Tuesday, February 18, 2014

Motivations of the One Percent

Greg Mankiw generated a lot of buzz with his defense of high earners recently. I think it's pretty good up until the last paragraph in which he claims:
Unlike the superheroes of “The Avengers,” the richest 1 percent aren’t motivated by an altruistic desire to advance the public good. But, in most cases, that is precisely their effect.
The problem I have with this conclusion is that Mankiw unnecessarily ascribes greedy motives to the one percent and implicitly ascribes generous motives to the 99 percent. Many 99 percenters vote for government handouts because they are greedy, regardless of their income. Many Defenders of the 99 percent are motivated by personal gain. Many one percenters are altruistic or want to improve the world, regardless of their income, and happen to be very good at what they do. The point isn't that competitive markets work because of greedy people, it's that they work in spite of greedy people. Competitive market economies are robust to greed.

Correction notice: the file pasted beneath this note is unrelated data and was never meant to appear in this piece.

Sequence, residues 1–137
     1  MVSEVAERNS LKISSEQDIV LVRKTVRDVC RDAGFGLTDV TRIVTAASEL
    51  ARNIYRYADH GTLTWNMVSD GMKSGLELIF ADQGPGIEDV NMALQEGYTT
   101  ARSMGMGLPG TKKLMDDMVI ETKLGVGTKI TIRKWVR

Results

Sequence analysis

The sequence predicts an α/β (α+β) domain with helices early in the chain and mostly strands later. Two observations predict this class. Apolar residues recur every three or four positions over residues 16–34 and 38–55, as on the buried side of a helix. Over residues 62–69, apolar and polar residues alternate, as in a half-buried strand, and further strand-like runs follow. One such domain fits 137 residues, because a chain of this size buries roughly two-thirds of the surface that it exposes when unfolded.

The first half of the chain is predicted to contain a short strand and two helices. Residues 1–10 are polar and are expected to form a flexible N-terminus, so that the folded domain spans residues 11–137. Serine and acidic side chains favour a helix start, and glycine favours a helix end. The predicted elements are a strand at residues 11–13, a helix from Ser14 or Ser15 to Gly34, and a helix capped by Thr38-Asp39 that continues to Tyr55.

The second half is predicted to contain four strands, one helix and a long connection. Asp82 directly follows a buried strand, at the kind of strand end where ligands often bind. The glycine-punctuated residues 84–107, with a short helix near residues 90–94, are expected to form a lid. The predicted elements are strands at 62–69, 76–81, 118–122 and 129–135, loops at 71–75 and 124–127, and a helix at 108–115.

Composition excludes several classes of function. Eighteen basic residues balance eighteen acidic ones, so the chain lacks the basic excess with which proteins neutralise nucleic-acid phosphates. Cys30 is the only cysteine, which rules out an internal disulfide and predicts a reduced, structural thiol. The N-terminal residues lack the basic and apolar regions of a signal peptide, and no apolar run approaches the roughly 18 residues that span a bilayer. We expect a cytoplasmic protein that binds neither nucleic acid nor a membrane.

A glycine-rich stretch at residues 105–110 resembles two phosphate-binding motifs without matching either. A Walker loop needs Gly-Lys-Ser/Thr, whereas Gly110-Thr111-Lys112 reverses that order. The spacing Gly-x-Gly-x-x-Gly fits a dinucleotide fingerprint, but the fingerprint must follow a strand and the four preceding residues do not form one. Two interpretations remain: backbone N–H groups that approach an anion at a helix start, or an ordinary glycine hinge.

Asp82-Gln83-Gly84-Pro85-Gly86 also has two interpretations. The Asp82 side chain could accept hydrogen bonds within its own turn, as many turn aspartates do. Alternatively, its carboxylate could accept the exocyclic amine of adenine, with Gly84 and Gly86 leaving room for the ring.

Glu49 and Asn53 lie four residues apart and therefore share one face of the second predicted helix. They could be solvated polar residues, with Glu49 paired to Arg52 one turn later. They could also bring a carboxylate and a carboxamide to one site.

Competitive markets reward people for providing goods and services that others need and want, such as labor. The information about what others need and want, and how badly, is contained in prices, such as wages. By participating in a competitive market, you could be helping people you don't even know exist! Providers are paid regardless of the personal motives for providing the product or service in the first place.

This "regardless" is where some people have problems. In a competitive labor market, Greedy Guy will make just as much as Altruistic Alice if they produce the exact same things. Motives don't matter. Rewards are based on doing good, not being good. You can't look at Greedy Guy's salary and tell if he is a good person or a bad person. Did he become a doctor to heal thousands or for the high salary, healing thousands along they way? Did Mr. Macy and Mr. Gimbel demand their companies provide better customer service out of a desire to improve people's lives or for profits?

Does it matter to those being helped?

Related Posts:

Christmas Spirit?
"Toward a Moral Economy"

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